Donations to Asia Doubled

  1. Folks I have decided to give a weeks pay to the help the people affected by the floods. Just as a matter of principle we all inhabit this earth together, and we all need to help each other out, or ALL drown in one way or another. We could not come up with a group of people that need help more, and in some ways have been neglected by those of us who are more fortunate.

    No, I can't afford to give that much money, and I imagine that I will be paying it off all year. BUT by making sacrifices it will get paid, and much faster than those affected will recover. And sure, lots of people and governments are giving money, but we are talking about people who had not the best living conditions to begin with. It won't kill me to give them a bit of a boost. As one of many caring people I want to make a statement that they are not alone in this world, we care and we intend to make sure they get one their feet again.

    I was watching CBC today and they said that 80% of donations come from private citizens, not from companies or governments, so we have to get in there. They also said that the Canadian government was matching donations made by the people. So if you go to the Canadian branch of the Red Cross, World Vision, UNICEF, Save the Children (I forget the others) you will be giving twice over.

    Plus...last day to donate on this years tax return. What other incentive do we need?
  2. 13 Comments

  3. by   gwenith
    I have given and initial $200 and will give more - I have decided to commit to a $50 donation each pay over the next few months as I know that so many times the donations dry up as the need continues
  4. by   Tweety
    I think a good deal of the money is going to come from the public. Just as we responded with cash from our pockets to the victums of 9/11/01 and other disasters, the public's generosity is needed.

    Musicians are getting into the act as well. Celebrities have a an opportunity to ralley fans with concerts, support, etc.
  5. by   canoehead
    Right on!

    In this region of the world they have needs that we can't even imagine, and they won't have money from the government as we do in richer countries. If we can set them up a little bit better than they were before, it will be worth every penny.
  6. by   Blackcat99
    canoehead. Wow!!! A weeks pay! That's such a wonderful generous thing that you are doing! I've given $125 to world vision and I am hoping to give more too.
  7. by   Q.
    I just can't give anything right now. My tuition is due, the medical bills are due, and my dad's $8000 expenses for his funeral are due. I just can't.

    If this makes me a bad person so be it.
  8. by   talaxandra
    Q., while I think that people who donate time and money are morally good, I don't think that those who can't are morally bad, and I for one don't think worse of you
    Perhaps there's an argument to be made that people who have the ability to donate but don't are at least morally suspect, but for some people (like you, at the moment) it really isn't possible.
    That's perhaps a bit self-serving on my part too, in all honesty, because I can't afford right now to give as much as I'd like to, or at least not without withdrawing support from charities I regularly contribute to. On the other hand, as Gwenith points out, there is sadly going to be a long-term need, and I'll be kicking in a fairer share from next month.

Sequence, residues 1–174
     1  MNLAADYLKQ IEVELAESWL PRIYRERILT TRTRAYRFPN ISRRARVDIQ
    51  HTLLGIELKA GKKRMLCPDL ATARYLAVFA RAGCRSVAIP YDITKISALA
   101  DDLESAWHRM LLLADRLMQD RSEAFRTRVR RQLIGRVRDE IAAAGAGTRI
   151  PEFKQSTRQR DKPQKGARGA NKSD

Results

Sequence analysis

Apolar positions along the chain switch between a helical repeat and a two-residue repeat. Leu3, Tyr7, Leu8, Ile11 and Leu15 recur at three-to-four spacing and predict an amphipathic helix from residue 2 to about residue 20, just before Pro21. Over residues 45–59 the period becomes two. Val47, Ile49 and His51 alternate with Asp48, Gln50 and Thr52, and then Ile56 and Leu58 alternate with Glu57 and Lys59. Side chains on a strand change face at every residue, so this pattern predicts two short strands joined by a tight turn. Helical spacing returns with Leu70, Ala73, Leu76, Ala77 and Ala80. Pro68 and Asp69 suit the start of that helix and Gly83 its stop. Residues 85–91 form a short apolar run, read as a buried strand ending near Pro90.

9. by   Mkue
    At this time I can only afford a small donation.. I'm giving a small amount to the disaster through my church that is collecting this weekend.
  10. by   gwenith
    A small donation is fine $1 is fine if that is all you can afford right now because as rep says $1 goes a long way in the countries affected. I am giving what I am because I feel I have to - simple as that.
  11. by   pickledpepperRN
    This is a wonderful thread.
    I saw a local family just back from Thailand on TV last night. They were separated on the water.
    Turns out two different local families rescued a child. One man had lost his wife and children. He found the 6 year old lost, bruised, and crying. He fed her, gave her canned drinks, gave her clothing that had belonged to his dead child, and went to the hospital where he saw her photo. He took her to her parents. Her sister had been pulled out of the water to the roof of a house. They want to go back to the land where people who have lost their home and loved ones were so kind to strangers.

    I believe most would do the same if we could.
    What we CAN do is donate, as Gwenith says, regularly. Do I need new shoes or an IPOD? No! People need clean water, food, and medicine.
    No one should die from lack of these. No diarrhea deaths treatable with antibiotics and preventable with clean water to drink.

    Thank you canoehead for this excellent thread!

    PS: Here is an opportunity to donate directly to nurses in Sri Lanka:
    Last edit by pickledpepperRN on Dec 31, '04 : Reason: typo
  12. by   gwenith
    Thank-you Spacenurse and thank-you for the link. Somehow giving to other nurses seems to make it closer to home.

    I know that this will not be the end of the aid and that people will continue to be generous.
  13. by   BeachNurse
    I am going to donate, although I haven't decided how yet. I am considering EBay, which has set up a way to donate through auctions, in which you can give 10-100% of your profits. This will probably be the easiest way for me to do it since I am low on cash. I will do 100%. I did the same on 9/11.
  14. by   fergus51
    Just an update, the Canadian government has said it will now match donations up to a total amount of 65 million up from 25 million (that brings the total federal government donation to 80 million), so if you want your money doubled there is still time. They are also allowing Canadians to claim donations made till January 11th on their 2004 income tax.